If You Have A Hematoma, Here's What You Need To Know About Pregnancy Sex

You and your partner probably logged a lot of time in bed in order to get pregnant, but now that you're actually growing a human inside your body, sex can be a fraught issue. In the first trimester, you may feel too tired and nauseous for lovemaking. As your bump grows, orgasms can cause uterine contractions that are uncomfortable or make you fret over premature labor, and if you experience complications, you may not be sure if sex is even safe. Like, can you have sex during pregnancy if you have a hematoma? It sounds pretty terrifying.

In layman's terms, a hematoma is a bruise, Dr. G. Thomas Ruiz, OB-GYN at Orange Coast Memorial Medical Center, tells Romper over email. Hematomas can occur anywhere in the body and consist of "a mass of usually clotted blood that forms in a tissue, organ, or body space as a result of a broken blood vessel," according to Merriam Webster. Hematomas in pregnancy "vary significantly in shape and size, [but] most follow the arch of the uterus and form a crescent-shaped fluid collection between the uterine wall and the membranes," noted a 2003 article published in Obstetrics and Gynecology and, according to Medscape, the most common type of hematoma in pregnancy is a subchorionic hematoma, which "collects between the uterine wall and the chorionic membrane and may leak through the cervical canal." Because of this, hematomas are linked to vaginal bleeding in pregnancy and can be diagnosed through ultrasound.

When it comes to sex and hematomas, the experts Romper spoke with agree that couples should take a break from sex (or at least the kind that involves penetration) until the hematoma is healed. Dr. Mary O'Toole, OB-GYN at Saddleback Memorial Medical Center, tells Romper that she advises pregnant women with a hematoma to avoid sex, explaining, "I recommend pelvic rest as intercourse may cause bleeding (from the hematoma), and blood anytime in pregnancy is very disturbing and frightening for a pregnant woman." This is true. Even a little bit of blood during pregnancy, while it may not be a sign of anything harmful, can trigger a woman's fears of miscarriage and other problems.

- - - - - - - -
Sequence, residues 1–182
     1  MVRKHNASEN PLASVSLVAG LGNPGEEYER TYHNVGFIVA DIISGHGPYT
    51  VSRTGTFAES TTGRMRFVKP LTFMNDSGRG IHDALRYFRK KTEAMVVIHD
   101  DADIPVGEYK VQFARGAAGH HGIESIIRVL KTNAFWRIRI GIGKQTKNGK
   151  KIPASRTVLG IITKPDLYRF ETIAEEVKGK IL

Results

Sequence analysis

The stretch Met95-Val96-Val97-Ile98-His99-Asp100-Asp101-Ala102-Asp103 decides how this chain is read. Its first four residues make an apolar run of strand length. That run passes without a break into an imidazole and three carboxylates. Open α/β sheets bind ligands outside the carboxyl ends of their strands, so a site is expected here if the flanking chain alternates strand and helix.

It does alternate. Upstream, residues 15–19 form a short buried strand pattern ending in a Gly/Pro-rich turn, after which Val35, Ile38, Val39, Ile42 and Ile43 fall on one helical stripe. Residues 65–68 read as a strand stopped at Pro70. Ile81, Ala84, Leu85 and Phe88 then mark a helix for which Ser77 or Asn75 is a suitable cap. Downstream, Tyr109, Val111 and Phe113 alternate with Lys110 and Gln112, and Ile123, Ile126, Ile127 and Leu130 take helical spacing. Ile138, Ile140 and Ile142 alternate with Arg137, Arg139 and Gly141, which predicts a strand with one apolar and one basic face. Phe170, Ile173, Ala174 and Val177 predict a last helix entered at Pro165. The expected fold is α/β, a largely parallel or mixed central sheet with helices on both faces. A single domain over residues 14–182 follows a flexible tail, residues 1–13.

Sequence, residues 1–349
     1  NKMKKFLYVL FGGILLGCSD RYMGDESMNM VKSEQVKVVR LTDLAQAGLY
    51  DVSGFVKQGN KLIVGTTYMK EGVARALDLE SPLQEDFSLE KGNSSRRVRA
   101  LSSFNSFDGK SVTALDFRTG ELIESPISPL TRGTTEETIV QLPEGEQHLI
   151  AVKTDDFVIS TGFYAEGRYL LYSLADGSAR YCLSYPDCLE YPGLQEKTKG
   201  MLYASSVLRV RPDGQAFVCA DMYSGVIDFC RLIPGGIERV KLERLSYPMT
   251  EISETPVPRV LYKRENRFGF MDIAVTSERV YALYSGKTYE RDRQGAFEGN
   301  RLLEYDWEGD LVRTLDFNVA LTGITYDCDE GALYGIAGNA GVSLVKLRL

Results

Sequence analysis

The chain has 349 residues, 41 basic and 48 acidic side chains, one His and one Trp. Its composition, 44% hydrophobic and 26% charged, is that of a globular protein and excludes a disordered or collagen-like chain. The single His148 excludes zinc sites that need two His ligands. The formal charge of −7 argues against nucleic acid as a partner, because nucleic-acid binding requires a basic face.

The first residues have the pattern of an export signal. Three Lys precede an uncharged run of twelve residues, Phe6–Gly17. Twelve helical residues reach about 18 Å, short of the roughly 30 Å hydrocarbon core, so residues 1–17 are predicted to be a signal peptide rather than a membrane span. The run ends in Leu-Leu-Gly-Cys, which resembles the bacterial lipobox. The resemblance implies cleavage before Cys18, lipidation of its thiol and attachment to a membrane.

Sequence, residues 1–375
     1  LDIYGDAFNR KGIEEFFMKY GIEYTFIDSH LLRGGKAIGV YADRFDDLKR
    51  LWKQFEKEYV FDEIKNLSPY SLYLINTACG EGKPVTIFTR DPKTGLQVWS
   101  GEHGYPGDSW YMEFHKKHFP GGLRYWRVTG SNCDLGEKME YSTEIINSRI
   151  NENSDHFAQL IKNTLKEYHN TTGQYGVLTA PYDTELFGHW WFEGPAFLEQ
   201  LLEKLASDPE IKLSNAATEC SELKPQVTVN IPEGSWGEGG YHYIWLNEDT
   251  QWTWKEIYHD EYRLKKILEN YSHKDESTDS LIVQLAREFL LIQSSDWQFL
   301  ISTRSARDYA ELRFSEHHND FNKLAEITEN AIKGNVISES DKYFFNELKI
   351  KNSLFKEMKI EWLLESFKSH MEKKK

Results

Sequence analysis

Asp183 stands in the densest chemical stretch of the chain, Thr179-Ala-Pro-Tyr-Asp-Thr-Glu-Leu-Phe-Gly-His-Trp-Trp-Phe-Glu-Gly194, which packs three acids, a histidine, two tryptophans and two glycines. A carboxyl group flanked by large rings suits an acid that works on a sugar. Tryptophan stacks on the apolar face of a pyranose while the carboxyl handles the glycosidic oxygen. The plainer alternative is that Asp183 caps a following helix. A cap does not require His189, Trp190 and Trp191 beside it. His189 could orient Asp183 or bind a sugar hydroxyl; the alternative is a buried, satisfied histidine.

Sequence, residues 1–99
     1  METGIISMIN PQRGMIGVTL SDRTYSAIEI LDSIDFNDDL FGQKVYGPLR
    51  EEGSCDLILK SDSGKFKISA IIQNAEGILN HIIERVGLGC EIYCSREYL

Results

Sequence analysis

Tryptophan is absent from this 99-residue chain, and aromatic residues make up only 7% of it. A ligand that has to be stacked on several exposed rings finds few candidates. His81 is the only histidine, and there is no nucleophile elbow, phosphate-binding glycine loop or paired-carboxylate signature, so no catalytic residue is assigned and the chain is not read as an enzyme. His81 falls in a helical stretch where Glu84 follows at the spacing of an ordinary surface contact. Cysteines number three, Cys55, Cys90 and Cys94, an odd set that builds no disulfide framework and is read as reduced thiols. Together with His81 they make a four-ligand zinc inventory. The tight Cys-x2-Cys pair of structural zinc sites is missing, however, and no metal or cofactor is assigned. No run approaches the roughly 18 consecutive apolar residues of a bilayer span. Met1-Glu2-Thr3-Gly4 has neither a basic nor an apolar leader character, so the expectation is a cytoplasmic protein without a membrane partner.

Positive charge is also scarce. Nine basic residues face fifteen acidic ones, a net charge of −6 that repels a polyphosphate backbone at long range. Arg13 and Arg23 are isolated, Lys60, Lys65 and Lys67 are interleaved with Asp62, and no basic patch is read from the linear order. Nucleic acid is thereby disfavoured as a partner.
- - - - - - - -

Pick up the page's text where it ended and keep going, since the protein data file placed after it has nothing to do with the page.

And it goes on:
Besides the prospect of bleeding, Ruiz adds, "If a woman were to develop a vaginal hematoma, intercourse would be painful. Common sense says resume sex when the hematoma has resolved." Dr. Yen Tran, OB-GYN at Memorial Care Medical Group, tells Romper, "We tend to advise patients with subchorionic bleeding to practice pelvic rest to avoid turbulence to the sensitive placenta. Once subchorionic bleeding stops, couples could resume intercourse unless the placenta is low-lying or situated across from the cervix."

Depending on how you feel about sex during your pregnancy, taking a break could come as a bummer or a relief. However, there are always other things you can do to maintain intimacy in the absence of intercourse and alternative methods for pleasuring your partner and yourself. Many couples use this time before baby comes to go on dates, spend quiet nights in, or finally make their way through their Netflix queue. (Babies leave little room for TV show bingeing when you just want to sleep.)

If you are concerned about having sex during your pregnancy for any reason, including a hematoma, talk to your doctor about what's right for you and your baby. All pregnancies require some level of sacrifice, such as giving up wine and sushi. Higher-risk pregnancies may necessitate additional limitations, but remember that it won't be forever, even if it feels that way now.

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